Marathi is an Indo-European language having over 70 million native speakers people in (predominantly) Maharashtra India. Marathi, like many other Indo-Aryan languages, evolved from early forms of Prakrit, which itself is a subset of Sanskrit, one of the most ancient languages of the world.

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Sanskrit dictionary

Source: DDSA: The practical Sanskrit-English dictionary

Vrātya (व्रात्य).—[vrātāt samūhāt cyavati yat]

1) A man of the first three classes who has lost his caste owing to the nanperformance of the principal Saṃskāras or purificatory rites (especially investiture with the sacred thread) over him, an outcast; सावित्रीपतिता व्रात्या भवन्त्यार्यविगर्हिताः (sāvitrīpatitā vrātyā bhavantyāryavigarhitāḥ) Ms.2. 39; सौराष्ट्रावन्त्याभीराश्च शूरा अर्बुदमालवाः । व्रात्या द्विजा भविष्यन्ति शूद्रप्राया जनाधिपाः (saurāṣṭrāvantyābhīrāśca śūrā arbudamālavāḥ | vrātyā dvijā bhaviṣyanti śūdraprāyā janādhipāḥ) Bhāg.12.1.38; भवत्या हि व्रात्याधमपतित- पाखण्डपरिषत्परित्राणस्नेहः (bhavatyā hi vrātyādhamapatita- pākhaṇḍapariṣatparitrāṇasnehaḥ) G. L.37.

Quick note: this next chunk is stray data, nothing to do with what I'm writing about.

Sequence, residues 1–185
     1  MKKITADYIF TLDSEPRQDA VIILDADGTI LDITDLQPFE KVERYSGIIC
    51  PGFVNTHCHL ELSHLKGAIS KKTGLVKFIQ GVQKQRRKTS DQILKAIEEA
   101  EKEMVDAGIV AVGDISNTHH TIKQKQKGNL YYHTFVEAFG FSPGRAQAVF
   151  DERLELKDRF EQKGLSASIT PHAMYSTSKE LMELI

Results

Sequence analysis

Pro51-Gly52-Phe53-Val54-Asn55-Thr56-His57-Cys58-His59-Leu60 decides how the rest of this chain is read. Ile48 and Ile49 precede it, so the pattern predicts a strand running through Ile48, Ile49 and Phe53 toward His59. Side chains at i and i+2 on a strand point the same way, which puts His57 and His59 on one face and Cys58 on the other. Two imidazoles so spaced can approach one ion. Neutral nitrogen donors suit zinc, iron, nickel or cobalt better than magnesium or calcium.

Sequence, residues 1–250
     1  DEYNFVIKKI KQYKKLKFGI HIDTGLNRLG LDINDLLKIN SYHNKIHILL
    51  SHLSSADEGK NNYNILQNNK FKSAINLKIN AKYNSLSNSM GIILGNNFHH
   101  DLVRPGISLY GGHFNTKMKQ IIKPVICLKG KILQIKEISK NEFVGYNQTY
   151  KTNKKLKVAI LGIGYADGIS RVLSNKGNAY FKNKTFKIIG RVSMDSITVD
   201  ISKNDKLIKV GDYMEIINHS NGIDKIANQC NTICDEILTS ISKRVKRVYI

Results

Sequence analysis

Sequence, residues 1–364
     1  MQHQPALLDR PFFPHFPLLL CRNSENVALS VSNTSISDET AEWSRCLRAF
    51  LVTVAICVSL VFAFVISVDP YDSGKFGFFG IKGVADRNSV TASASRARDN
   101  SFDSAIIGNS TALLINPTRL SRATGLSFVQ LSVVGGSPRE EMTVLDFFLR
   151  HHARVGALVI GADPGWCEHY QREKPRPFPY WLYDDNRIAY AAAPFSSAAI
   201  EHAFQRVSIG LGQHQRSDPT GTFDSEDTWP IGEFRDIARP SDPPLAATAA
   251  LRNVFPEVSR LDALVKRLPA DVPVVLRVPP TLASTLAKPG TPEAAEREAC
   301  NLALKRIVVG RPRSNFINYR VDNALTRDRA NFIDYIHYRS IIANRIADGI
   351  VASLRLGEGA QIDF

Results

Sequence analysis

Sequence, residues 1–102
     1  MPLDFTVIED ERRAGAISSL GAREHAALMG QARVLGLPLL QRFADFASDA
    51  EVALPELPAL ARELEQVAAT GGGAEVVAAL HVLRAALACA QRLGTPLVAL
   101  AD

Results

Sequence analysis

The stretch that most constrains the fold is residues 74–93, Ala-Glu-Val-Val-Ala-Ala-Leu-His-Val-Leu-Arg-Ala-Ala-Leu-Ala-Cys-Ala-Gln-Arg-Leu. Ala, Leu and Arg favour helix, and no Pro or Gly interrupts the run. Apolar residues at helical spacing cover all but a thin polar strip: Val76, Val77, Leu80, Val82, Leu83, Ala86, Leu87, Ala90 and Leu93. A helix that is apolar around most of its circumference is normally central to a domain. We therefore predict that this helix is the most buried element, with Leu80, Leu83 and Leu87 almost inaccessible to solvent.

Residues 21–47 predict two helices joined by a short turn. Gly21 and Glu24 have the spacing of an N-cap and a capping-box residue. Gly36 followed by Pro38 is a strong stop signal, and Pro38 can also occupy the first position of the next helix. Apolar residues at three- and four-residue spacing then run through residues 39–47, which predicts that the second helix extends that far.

2) A low or vile person in general; vagrant.

3) A man of a particular inferior tribe (the descendant of a Śūdra father and Kṣatriya mother).

-tyā The daughter of an outcast.

Derivable forms: vrātyaḥ (व्रात्यः).

Source: Cologne Digital Sanskrit Dictionaries: Shabda-Sagara Sanskrit-English Dictionary

Vrātya (व्रात्य).—m.

(-tyaḥ) 1. A Brahman, or man of the three first classes, in whose youth the customary observances have been omitted, and who has not received his investiture with the sacred thread. 2. A low person. f.

(-tyā) A female of a fallen Brahman. E. vrāta, ya aff.